Spending four years explaining myself never got old, trust me. My trapezius muscles grew thick and bulky from the repeated shrugging. I was gifted a new creak in my neck from staring off into the distance.
The hell was I going to do?
One thing I’ve learned: do what you love and people take notice; or, put simply: Embrace your nerddom.
I’ve always, in one way or another, been keen on electronics. From taking apart my Sega in Elementary school, to building my clunky beige PCs in High School. I built them with picked-parts, while friends ordered Alienware behemoths, which used to be coveted. I poured over data, reading blogs, Cnet and Tom’s Hardware. I was constantly plowing through reviews on NewEgg and TigerDirect, searching for the best buy my non-existent allowance, and later a menial bakery staff wage, could afford. So what the hells does all this have to do with Literature?
I’m a nerd. You’re a nerd. Simple as that. You wouldn’t be in an English Degree program had you not been born a nerd. Your seemingly-cool professors have argued over the ‘legitimacy’ of THAC0 in versions of D&D – and that is likely the less ‘nerdy’ conversation they’ve had. I’ve poured over books to find the word ‘red’ to support my argument that an author was pushing ‘virgin imagery.’ You likely picked up ‘Dracula’ and never looked at it the same way after spending a week with it, peeling metaphors apart like a banana/onion hybrid.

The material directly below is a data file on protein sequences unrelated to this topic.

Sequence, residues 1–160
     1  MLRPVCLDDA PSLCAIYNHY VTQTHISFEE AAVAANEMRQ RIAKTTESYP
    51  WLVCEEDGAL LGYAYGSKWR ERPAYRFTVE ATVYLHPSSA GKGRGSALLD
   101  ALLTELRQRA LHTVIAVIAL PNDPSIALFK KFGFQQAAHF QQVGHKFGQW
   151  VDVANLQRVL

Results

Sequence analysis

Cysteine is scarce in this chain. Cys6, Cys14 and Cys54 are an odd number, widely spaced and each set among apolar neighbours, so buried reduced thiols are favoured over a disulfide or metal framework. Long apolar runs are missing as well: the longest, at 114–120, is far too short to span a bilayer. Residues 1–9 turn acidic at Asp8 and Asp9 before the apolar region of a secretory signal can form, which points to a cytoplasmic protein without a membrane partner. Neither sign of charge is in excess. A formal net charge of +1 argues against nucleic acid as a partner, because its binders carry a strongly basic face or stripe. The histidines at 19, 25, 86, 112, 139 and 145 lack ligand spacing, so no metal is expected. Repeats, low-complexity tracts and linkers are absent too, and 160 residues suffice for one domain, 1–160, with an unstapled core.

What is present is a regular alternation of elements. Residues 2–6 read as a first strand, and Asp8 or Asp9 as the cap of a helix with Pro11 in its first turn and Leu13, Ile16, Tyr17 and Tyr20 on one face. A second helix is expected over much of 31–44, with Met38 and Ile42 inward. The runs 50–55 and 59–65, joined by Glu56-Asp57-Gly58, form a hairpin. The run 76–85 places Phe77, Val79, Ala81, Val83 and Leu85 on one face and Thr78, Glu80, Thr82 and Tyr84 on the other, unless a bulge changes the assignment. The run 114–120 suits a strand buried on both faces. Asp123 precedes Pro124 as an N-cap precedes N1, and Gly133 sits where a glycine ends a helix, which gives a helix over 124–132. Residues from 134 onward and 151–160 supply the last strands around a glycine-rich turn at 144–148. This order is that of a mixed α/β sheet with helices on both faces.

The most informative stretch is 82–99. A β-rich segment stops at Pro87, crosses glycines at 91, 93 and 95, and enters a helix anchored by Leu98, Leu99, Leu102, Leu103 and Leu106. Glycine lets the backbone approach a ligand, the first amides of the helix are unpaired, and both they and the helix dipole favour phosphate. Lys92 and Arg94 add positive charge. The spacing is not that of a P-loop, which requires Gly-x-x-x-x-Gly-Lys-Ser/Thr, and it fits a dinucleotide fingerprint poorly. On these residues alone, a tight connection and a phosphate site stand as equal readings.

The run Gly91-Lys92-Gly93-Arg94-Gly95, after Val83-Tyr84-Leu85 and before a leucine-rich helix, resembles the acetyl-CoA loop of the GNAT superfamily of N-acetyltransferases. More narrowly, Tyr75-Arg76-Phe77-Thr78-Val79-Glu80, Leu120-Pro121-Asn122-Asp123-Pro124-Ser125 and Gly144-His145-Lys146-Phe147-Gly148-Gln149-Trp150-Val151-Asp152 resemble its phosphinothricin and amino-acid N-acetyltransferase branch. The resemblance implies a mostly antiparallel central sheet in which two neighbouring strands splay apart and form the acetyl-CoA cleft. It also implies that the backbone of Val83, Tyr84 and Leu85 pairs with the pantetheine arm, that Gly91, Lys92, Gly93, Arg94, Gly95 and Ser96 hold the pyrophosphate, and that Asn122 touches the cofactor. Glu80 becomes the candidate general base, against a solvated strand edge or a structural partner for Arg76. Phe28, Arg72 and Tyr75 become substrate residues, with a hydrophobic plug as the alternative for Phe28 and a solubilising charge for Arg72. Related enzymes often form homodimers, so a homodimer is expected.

Don’t run away from your nerd-self.
I left my undergrad program with an idea: one where I’d go to grad school, write a book, and … who knows anymore. I went to grad school; it wasn’t for me. It might be for you, and hell – I may go back, but if I didn’t leave, I wouldn’t have landed what I do now: getting paid to write. Circling back up two paragraphs, I’m a nerd. I’ve got this Jack -of-all-Trades thing down: computer hardware, english, programming, a burgeoning love for food, and an obsessive homebrewing hobby. I landed a job waiting tables out of college at a tiny gourmet grocery store and café that recently was called a ‘taste maker’ by some fancy ice cream people two states over. I waited tables, wrote in my journal, read books, went to school at a fancy downtown private college, and got tired. I was ready to enter the workforce, get a career, and “move on.” To me, that meant losing my dream of writing a book was about to disappear, but I was ready. I had a few interviews, sweated through a handful of dress shirts in Chicago summer heat, and became downtrodden.
I loved the place I worked for, but the pay was stagnant and there was zero mobility – or so I thought. One day my manager called me upstairs and sat me down. The owner offered me a job as their marketing guy. I’d do it all. A weight lifted off me and I found a new direction. Just like that.
I got to nerd out on a computer all day. I nerded out about food to those starving for more foodie information. I got to explore and define the world of social media for a place I cared about. It didn’t just open the door to new opportunities, such as Fancy Food Show, working from home, and so much more, but it also tore down the walls of what I could “do with my English Degree.” Marketing, or really advertising, isn’t dirty work if you aren’t a scumbag. It’s not as sexy as Mad Men, as any author of any caliber can attest – but pimping other nerds nerding out, while you nerd out to other nerds who love the same nerdy shit you do is pretty fucking magical.
Find your way. You’ll get discouraged and that’s fine, but rethink the ‘lines’ of your degree and embrace your nerdery.